Luke 15: 11-32 St. Michael and All Angels Church
In the name of God who, as the psalmist assures us, brings us out into the open place and welcomes us because she believes in us. Amen.
I imagine I’m not the only person in this room who has run away from home.
I suspect that I’m not the only one among us who has done so more than once.
And I’m willing to bet there are others here who have, like I, stomped off in a fit of childhood pique.
I get that younger brother. And the older one as well. I’ve walked in their shoes on more than one occasion. Maybe you have too.
That capacity for identification with those brothers helps explain why this parable is often labeled “The Parable of the Prodigal Son”. But is that really where this story we just heard takes us and leaves us?
I do hope not for that emphasis on the turn back home, on repentance if you will, deflects, me thinks, from the gems to be found in the parable as a whole. And it is those gems, scattered throughout this story that are so important to life in our worlds today—life in the communities of family, friends, and faith in which we spend most of our days.
What might our gaze reveal if we focus our attention not on the sons but on the father? A father who is accessible and approachable. One who is amenable to a very bold request on the part of his younger son. The kind of father you know you can count on. A father whose love for you and hope for your safe return leads him to scan the horizon in hopes that he will see you walking down the road. A father whose generous compassion just can’t be contained. And a father who, when faced with his older son’s anger and resentment leaves the party and goes out to plead with that older son to join the celebration thus assuring him of his constant love for his son. A father who appears, either directly or—in two instances—indirectly in every scene of this long parable.
There are those who suggest this parable be called “The Parable of the Prodigal Father.” Maybe. But centuries of association of prodigal with profligate makes that title untenable too. I’ve come to think of this parable and the invitation it extends to we who hear it as “The Parable of a Most Hospitable Father.”
Isn’t this what hospitality at its very best looks like? Welcoming you. Accepting you as you are in the moment. Giving you what you need in the moment and giving you space when that is what you need most. A limitless hospitality grounded in love. That’s just what that father showed. To both his sons.
You and I, we live in a changing, challenging, and dangerous world. You know the outlines of that world—the shadow of Covid, open talk of World War III, a nasty form of politics that was on full display in last week’s Judiciary Committee hearings on Katanji Brown Jackson’s appointment to the Supreme Court. All this at a time when many of us are, in one way or another are experiencing the shrinking of our worlds and feeling a sense of rugs being pulled out from under us. A time that begs for that kind of hospitality that Father showed both his sons.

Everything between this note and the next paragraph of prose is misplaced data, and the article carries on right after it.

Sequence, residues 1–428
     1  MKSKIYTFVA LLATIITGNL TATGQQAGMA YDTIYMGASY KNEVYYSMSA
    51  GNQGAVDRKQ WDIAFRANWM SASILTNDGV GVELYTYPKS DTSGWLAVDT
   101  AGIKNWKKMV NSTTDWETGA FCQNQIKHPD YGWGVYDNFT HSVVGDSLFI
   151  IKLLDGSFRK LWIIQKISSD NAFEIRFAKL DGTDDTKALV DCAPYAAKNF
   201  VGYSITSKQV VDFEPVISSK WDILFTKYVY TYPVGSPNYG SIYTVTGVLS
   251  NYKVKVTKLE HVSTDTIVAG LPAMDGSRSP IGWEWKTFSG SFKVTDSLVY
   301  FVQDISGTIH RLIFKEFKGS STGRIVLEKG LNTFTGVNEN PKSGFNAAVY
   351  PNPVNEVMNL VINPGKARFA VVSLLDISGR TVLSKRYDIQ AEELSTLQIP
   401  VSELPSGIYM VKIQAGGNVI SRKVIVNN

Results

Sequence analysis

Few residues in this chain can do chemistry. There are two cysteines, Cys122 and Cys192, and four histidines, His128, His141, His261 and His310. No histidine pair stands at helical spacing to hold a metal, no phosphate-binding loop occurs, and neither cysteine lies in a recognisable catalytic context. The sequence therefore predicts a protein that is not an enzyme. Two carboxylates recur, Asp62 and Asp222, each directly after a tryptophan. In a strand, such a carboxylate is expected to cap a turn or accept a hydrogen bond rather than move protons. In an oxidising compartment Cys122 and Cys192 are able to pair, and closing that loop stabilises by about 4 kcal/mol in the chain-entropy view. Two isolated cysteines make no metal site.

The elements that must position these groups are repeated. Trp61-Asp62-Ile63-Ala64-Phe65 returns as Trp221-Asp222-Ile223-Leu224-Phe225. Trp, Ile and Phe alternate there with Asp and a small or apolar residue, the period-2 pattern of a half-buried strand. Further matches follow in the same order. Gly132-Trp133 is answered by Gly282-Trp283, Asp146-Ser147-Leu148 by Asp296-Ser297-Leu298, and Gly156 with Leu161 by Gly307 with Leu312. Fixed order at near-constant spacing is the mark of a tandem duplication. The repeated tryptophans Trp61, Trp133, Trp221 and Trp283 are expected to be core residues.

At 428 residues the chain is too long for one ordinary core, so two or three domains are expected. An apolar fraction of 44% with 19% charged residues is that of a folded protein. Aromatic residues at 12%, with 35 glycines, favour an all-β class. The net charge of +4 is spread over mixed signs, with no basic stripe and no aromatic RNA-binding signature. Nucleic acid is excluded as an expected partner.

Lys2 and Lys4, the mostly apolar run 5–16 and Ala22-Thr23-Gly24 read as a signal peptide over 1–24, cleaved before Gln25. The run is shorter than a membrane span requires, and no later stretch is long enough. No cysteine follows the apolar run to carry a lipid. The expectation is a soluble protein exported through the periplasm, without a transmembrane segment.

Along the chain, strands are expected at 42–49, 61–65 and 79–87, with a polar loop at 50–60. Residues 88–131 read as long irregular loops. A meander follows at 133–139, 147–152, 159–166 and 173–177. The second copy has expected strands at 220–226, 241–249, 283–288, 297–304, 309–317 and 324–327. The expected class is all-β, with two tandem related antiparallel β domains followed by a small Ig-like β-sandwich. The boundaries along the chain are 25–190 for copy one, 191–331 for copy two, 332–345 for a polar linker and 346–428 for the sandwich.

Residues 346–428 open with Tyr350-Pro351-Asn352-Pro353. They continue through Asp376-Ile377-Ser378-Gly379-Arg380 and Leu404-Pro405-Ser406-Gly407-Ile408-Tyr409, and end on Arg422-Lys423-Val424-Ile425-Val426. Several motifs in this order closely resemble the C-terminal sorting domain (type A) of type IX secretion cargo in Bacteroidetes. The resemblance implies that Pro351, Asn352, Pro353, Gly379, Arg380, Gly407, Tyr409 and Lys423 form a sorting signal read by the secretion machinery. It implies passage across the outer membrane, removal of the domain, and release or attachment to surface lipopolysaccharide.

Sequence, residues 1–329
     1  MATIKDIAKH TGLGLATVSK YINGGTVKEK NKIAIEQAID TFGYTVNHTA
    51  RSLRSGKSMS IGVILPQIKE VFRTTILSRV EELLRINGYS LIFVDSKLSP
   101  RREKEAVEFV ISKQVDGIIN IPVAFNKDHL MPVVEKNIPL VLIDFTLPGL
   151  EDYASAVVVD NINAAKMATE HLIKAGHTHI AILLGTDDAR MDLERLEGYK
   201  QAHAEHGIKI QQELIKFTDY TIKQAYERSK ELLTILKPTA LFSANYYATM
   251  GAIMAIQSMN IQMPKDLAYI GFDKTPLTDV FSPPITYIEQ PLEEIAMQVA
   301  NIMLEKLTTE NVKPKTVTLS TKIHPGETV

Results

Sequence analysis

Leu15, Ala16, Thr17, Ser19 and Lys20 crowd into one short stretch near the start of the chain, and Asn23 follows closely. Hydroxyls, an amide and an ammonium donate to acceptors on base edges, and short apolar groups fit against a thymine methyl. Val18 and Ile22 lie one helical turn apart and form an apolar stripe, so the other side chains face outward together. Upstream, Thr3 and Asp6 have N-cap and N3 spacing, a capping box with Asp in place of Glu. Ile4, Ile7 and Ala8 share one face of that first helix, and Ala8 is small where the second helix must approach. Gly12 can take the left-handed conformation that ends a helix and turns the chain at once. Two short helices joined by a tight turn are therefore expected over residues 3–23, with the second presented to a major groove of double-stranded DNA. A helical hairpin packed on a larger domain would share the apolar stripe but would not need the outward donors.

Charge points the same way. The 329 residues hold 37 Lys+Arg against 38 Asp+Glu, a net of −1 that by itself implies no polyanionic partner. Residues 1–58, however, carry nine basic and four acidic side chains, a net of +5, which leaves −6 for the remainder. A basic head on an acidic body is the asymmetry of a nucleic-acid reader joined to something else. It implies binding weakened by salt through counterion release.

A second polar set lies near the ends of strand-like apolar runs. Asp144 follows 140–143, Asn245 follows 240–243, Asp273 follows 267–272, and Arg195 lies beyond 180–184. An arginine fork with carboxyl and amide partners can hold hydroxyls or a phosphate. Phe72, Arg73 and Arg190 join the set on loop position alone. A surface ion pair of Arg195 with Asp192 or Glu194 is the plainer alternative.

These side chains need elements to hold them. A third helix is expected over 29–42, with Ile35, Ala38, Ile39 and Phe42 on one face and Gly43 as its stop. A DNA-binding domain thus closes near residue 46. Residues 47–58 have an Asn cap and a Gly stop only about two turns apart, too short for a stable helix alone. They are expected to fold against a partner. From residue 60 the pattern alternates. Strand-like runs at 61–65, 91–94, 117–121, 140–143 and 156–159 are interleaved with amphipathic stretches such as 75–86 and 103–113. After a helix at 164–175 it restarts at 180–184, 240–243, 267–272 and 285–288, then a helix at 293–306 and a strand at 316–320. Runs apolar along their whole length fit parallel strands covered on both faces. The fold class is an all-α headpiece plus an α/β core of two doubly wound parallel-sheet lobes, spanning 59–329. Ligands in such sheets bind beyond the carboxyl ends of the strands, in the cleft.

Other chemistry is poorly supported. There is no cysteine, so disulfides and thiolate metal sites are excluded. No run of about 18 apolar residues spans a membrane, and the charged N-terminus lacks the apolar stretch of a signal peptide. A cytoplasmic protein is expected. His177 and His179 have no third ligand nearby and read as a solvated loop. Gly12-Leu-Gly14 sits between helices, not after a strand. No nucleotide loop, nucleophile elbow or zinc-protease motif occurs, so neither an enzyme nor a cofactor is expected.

A hospitality marked by what one theologian identified as a “faith that awakens trust in the still unrealized possibilities in human beings—in oneself and in other people.” Think of it—trust, confidence that what you see in others and in yourself is not all you get. There are those unrealized possibilities floating just beneath the surface of our lives as individuals and communities. Seeds waiting to be watered. Possibilities hanging around in hopes of a welcoming environment. A hospitable climate if you will.
I’ve come to view the hospitality this parable invites us to as a hospitality of making space---for people, for ideas, for practices. For tears and for laughter. For the parts of us (as individuals and communities) that show us at our Sunday best and for those other parts as well. For our quirkiness and crankiness and kindness. A hospitality that senses what we need in the moment and tries its level best to deliver.
I saw that kind of hospitality at work this week in a most tender and poignant way. Towards the very end of those three brutal days of hearings about Judge Katanji Brown Jackson’s appointment to the Supreme Court—three days of relentless inhospitality, Senator Cory Booker turned to Judge Jackson and said,
“I’m not going to let anybody steal my joy” and then he continued, “It’s hard for me not to look at
you and not see my mom, not to see my cousins—one of them who had to come here and sit
behind you….She had to have your back. I see my ancestors and yours.”
Booker concluded by saying, “But don’t worry my sister. Don’t worry. God has got you. And how do I know? Because you’re here. And I know what its taken for you to sit in that seat.”
That, that is the world the Parable of a Most Hospitable Father invites us to join—a world of making space for one another and for ourselves as well.